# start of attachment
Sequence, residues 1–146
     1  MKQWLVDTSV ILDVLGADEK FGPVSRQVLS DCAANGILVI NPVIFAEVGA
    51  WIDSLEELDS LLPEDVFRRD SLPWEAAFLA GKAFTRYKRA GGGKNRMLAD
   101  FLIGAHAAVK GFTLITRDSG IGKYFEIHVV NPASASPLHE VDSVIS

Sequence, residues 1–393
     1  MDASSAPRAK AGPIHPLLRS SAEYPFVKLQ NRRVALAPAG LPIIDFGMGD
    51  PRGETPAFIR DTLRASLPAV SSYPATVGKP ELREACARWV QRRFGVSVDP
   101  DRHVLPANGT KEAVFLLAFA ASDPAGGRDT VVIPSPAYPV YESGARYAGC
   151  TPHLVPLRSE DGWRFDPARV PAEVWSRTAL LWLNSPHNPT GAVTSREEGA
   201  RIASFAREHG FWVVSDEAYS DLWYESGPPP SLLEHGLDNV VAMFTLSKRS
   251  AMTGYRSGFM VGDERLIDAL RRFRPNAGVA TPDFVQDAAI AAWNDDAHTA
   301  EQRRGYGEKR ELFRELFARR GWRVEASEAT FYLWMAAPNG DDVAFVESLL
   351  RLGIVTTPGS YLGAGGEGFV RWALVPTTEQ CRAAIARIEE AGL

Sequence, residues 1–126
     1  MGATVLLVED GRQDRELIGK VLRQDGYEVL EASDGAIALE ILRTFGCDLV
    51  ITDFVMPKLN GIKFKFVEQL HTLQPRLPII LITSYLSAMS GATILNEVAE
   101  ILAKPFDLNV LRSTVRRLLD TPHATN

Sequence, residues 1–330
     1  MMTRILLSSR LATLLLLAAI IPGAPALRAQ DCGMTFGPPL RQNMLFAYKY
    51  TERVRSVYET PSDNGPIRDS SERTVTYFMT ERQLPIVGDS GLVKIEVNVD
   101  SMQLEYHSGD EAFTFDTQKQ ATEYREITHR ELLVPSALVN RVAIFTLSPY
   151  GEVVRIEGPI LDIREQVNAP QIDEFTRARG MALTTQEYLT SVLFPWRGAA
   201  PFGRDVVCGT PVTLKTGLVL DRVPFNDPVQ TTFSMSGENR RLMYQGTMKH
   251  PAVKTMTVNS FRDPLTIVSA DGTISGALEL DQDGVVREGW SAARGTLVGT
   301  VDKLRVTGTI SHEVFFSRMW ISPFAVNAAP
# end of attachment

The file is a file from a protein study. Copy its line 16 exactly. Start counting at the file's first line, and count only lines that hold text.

    51  ITDFVMPKLN GIKFKFVEQL HTLQPRLPII LITSYLSAMS GATILNEVAE